The Winter Dawn is timid this far north. That is why she tiptoed up to my window and then hesitated, as if unsure about what to do next.
Within, Night, her brother and contrast, lingered in many places: on the windows and along the floor as frost, in the cold hash pipe as ash, in the lava lamp as yellow and red bubbly ghost still rising and falling and rising and falling from the heat of the little bulb that could.
On the table as story.
The sun scaled the sky a little more before Sister Dawn finally worked up the courage to pry herself through the frosted glass and heavy curtains and onto my face where she settled and with the help of pure physical (as in bathroom) needs found and excavated me.
I opened my eyes to wonder at the ceiling, then turned to my left to wonder at the all the little letters written on the wall, then turned to my right to wonder at the table, then at the large sheet of paper on the table with many more inky letters scrawled all over it, all mine. And when I say wondered, I really mean wondered, for as yet I could not imagine what I might have written on wall and paper.
I heaved myself halfway up and onto my elbow to wonder a little harder at the sheet of paper: so many letters, all running around scratchily in my barely legible hand. And looking, and looking again, and making out a word or two or three it came back to me, little by a little more: that long, glorious and wordy exhaling under the spell of Bach’s Toccata and Fugue in D-Minor.
I sat all the way up now and retrieved the sheet from the table, wrapped the blanket around me (noticing my breath as faint mist in the cold air), leaned back against the thick wall behind me, and began to read in earnest.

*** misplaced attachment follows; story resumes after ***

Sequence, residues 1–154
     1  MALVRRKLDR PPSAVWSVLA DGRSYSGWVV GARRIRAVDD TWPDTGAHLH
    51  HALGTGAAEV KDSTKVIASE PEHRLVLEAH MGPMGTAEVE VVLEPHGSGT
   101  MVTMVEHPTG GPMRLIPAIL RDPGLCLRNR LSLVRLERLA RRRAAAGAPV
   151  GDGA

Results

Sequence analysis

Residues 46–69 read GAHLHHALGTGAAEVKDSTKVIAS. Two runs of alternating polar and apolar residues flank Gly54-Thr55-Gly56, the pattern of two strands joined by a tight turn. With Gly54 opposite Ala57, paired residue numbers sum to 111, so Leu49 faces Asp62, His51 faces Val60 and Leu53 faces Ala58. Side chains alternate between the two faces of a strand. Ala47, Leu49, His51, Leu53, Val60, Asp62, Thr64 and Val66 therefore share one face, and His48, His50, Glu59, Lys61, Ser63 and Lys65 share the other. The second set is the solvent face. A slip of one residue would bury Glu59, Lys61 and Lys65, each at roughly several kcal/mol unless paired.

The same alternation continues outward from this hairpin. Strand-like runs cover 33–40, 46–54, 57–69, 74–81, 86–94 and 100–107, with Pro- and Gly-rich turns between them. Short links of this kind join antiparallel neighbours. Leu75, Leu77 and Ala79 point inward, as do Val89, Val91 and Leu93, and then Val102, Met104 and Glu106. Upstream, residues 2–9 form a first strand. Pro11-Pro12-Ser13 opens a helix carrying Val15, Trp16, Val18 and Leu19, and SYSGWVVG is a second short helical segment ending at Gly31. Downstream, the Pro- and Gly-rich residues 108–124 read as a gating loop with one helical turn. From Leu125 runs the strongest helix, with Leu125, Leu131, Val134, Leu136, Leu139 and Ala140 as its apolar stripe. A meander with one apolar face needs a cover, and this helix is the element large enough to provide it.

Reading, I returned to the night before and again fell in with Brother Cold and Dark (aka Brother Night)—Cold and Dark despite the two gas burners on my stove burning as high as they would go and hissing heat into his icy heart and despite the little kerosene heater that did all it could to give the gas burners a hand from its frosty corner.
But those were only gestures at warmth, for I live in Stockholm and it is deep winter in the capital N North with a meter of snow outside my window, glittering now and would be sharp to the touch, I could well imagine, and would squeak now underfoot, I could well imagine.
And in this capital N North my room is a tall rectangular box of frigid space: a three meter high ceiling with two almost meter-thick walls colder than death facing the outside, another wall nearly as cold facing the entrance way, and a fourth (not so cold but not-at-all warm) wall that I shared with my neighbor. It is in this box of winter that Brother Night and I spent an interesting evening; a cold and stoned evening—just me, though, with the stoned part, Brother Night doesn’t smoke hashish.